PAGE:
Tuesday, January 06, 2009

Respectful Appeal Heard (but Denied)

Maps. Scripts. TV Shows. Character dress-up days. Will the projects never end? I pushed the students to finish all scheduled school projects before Christmas. They succeeded.

They got a long, generous break from Dec. 19th till Jan. 5th.

Yesterday was the 5th and the first thing I do when the kids plop into their seats after gym class is what? You guessed it. Issue another project due in a week.

Me: Okay, guys, take a look at this blue sheet. Your assignment is to do a decade poster for the
years 1910-1920. You have to display five main events or people, each with four historically important facts written in complete sentences, in 20 point font. Furthermore, you must find a creative way to use blue and white. The first part of the assignment--Woodrow Wilson's picture and facts--will be due tomorrow, war pictures Wednesday...Titanic Friday. The whole thing is due next Monday. Any questions?

Student 1: May I please make a respectful appeal?

Me: Sure.

Student 1: Can you please not give us a project the first day back to school? I'm pretty overwhelmed.

Me: Well, I appreciate your respect, but since you've all had a nice, long break with no homework of any kind, you should be well rested. I'm going to respectfully deny your appeal. Any other questions?

Student 1 again: Can you please not make it due for another week?

Me: Sure. It'll be due in a week.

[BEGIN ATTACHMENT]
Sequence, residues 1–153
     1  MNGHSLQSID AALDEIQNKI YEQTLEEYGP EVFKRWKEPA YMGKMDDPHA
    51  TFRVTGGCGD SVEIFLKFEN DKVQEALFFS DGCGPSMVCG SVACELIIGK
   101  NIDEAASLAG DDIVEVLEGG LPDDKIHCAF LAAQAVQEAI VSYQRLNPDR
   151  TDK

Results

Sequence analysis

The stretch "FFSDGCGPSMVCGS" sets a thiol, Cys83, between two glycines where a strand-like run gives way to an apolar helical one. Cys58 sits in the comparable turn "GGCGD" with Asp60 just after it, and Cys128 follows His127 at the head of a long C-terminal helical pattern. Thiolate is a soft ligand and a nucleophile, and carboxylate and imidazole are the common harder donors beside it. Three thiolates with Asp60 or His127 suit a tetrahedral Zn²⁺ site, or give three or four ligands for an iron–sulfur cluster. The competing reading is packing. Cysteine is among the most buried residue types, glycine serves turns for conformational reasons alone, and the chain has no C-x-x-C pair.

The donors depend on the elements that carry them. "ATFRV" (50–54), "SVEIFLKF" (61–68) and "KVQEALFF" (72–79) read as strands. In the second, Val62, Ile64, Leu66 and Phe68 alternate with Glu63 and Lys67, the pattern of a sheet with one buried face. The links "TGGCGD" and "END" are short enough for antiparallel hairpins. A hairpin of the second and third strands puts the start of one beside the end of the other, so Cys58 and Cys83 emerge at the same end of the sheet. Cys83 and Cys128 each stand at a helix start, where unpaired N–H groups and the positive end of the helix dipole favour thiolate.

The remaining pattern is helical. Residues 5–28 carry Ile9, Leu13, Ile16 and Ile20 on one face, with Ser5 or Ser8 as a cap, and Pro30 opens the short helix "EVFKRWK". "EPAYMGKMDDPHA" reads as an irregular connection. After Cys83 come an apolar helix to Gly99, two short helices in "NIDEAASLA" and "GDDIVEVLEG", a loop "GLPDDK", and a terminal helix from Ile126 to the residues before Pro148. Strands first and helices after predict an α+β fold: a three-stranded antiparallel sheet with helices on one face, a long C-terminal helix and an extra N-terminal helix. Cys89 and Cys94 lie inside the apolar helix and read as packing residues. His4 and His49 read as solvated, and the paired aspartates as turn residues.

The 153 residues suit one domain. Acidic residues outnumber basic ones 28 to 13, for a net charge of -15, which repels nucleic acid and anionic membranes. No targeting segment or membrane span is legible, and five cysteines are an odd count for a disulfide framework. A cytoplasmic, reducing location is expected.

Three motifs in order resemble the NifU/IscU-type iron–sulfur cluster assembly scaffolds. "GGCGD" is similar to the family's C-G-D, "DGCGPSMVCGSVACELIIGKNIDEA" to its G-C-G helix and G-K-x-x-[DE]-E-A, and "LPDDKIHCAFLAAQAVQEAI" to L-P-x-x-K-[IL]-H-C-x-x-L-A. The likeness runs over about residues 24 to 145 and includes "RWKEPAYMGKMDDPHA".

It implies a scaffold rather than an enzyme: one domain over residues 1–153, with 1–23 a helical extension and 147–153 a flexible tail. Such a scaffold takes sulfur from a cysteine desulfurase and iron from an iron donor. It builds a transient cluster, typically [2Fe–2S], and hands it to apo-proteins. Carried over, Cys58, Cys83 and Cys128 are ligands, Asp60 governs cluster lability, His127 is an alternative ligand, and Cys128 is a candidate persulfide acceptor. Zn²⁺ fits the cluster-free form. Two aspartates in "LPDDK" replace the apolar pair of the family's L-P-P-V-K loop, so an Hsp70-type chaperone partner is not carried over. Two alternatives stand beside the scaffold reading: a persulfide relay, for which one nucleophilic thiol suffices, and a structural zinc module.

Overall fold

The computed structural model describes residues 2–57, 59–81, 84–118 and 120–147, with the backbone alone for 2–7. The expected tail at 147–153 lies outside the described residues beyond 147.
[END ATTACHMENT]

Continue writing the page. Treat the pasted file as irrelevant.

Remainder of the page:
Student 1: Thanks.

I don't know if his sigh was relief or exasperation with Project Lady. I'd like to think he felt he had an extra week by knowing the project isn't due for a whole week.

Same student said today during my art lecture on Pointillism: Mrs. Zubrowski, when you retire from teaching, you should be a librarian.

Me: Why?

Him: Because you're just that kind of person.

Student 2: Yeah, you are. (Smiles.)

Okay, so what exactly does that mean, I wonder? Any guesses?


Amy said...

I have been told the SAME thing (the librarian comment) and I, too, would like to know just exactly what that means!

Laurie said...

I think it means a love for books, learning, and reading...and a desire to see others join in your love. :)

Laurie Lynn said...

Two thoughts your kids may be thinking.

1. Librarians love books and you love books so much that you go a little crazy trying to get us to love them and learn about all the stuff in them too. You'd be a good librarian lady.

2. Librarians just hand out books. They don't give you assignments and make sure you read each book in the big stack you check out. And they don't make you do book reports and stuff. If you could stop with the assignments, you'd be good at that too, Mrs. Z.

I say, "Rock on, Mrs. Z!!" (I mean "Teach on, Mrs. Z.!")